Richard_Rich,_1st_Baron_Rich

Richard Rich, 1st Baron Rich

Richard Rich, 1st Baron Rich (1496/7 - June 12, 1567), was Lord Chancellor during the reign of King Edward VI of England. He was the founder of Felsted School in Essex in 1564.

Many people will know of him from the play and film A Man for All Seasons, although there is some dispute about whether this was entirely fair in its treatment of Richard. In the film he was played by John Hurt.

Thomas More told Rich at the time of More's trial that he was reputed light of his tongue, a great dicer and gamester, and not of any commendable fame; but he was a commissioner of the peace in Hertfordshire in 1528, and in the next autumn became reader at the Middle Temple.

Early life and education

He was the son of John Rich of Penton Mewsey, Hampshire and Agnes Rich. He was described as being 54 in 1551 which gives him a birth year of around 1497. He may have had connections with a Rich family prominent in the Mercer's Company in the 15th Century but early pedigrees linking him to a Richard Rich of St Lawrence Jewry are incorrect. Rich may well have grown up in London, as Thomas More at his trial said that he knew him. Beyond that we have little knowledge of his early life.

He may have studied at Cambridge before 1516. In 1516 he entered the Middle Temple as a lawyer and at some point between 1520 and 1525 he was a reader at the New Inn. By 1528 we know that Rich was in search of a patron and wrote to Cardinal Wolsey, in 1529, Thomas Audley succeeded in helping him get elected as an MP. As Audley's career advanced in the early 1530s so did Rich's through a variety of legal posts, before he became truly prominent in the mid-1530s.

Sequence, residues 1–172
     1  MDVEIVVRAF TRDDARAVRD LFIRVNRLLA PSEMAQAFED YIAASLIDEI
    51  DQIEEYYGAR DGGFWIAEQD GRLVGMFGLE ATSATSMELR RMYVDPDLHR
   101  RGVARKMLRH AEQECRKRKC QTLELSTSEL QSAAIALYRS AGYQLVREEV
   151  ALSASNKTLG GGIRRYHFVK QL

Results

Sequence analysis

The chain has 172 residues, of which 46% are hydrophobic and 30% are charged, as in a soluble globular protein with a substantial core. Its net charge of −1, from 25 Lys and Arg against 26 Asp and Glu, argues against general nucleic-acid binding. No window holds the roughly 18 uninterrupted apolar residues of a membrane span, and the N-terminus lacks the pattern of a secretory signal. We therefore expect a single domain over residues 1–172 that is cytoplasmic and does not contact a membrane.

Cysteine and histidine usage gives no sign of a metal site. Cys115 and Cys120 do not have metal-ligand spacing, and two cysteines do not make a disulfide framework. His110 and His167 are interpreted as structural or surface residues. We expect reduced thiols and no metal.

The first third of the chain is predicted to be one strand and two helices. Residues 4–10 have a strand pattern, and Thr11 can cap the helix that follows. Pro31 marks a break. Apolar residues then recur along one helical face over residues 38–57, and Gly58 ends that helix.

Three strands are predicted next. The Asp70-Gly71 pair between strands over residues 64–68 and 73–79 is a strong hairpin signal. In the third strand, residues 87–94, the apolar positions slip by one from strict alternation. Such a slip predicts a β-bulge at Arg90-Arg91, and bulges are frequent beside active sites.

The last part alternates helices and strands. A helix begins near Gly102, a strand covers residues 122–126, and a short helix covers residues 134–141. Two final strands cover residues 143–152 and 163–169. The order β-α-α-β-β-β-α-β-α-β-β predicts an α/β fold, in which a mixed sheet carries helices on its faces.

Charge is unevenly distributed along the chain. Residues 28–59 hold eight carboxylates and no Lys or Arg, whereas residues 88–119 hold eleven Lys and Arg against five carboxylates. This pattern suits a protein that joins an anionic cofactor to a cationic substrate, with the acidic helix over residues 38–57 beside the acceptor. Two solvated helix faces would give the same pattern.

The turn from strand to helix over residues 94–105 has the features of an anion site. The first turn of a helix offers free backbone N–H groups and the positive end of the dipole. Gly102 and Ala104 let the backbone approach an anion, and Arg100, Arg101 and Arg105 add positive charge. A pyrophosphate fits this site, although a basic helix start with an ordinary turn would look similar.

Career

Other preferments followed, and in 1533 he was knighted and became solicitor-general, in which capacity he was to act under Thomas Cromwell as a "lesser hammer" for the demolition of the monasteries, and to secure the operation of Henry VIII's Act of Supremacy. He had an odious share in the trials of More and Bishop John Fisher. In both cases his evidence against the prisoner included admissions made in friendly conversation, and in More's case the words were given a misconstruction that could hardly be other than wilful. More expressed his opinion of the witness in open court with a candour that might well have dismayed Rich. In an irony, Rich would also play a major part in the fall of Cromwell, whom he despised, using similarly dubious methods.

Chancellor

Rich became the first chancellor (April 19, 1536) of the Court of Augmentations established for the disposal of the monastic revenues. His own share of the spoil, acquired either by grant or purchase, included Leez (Leighs) Priory and about a hundred manors in Essex. Rich also acquired -- and destroyed -- the real estate and holdings of the Priory of St Bartholomew-the-Great in Smithfield. He built the Tudor-style gatehouse still surviving in London as the upper portion of the Smithfield Gate. He was Speaker of the House of Commons in the same year, and advocated the king's policy. In spite of the share he had taken in the suppression of the monasteries, and of the part he was to play under Edward VI, his religious convictions remained Roman Catholic. His testimony helped the conviction of Cromwell, and he was a willing agent in the Catholic reaction which followed. Anne Askew stated that the Chancellor Wriothesley and Rich screwed the rack at her torture with their own hands.

Baron Rich of Leez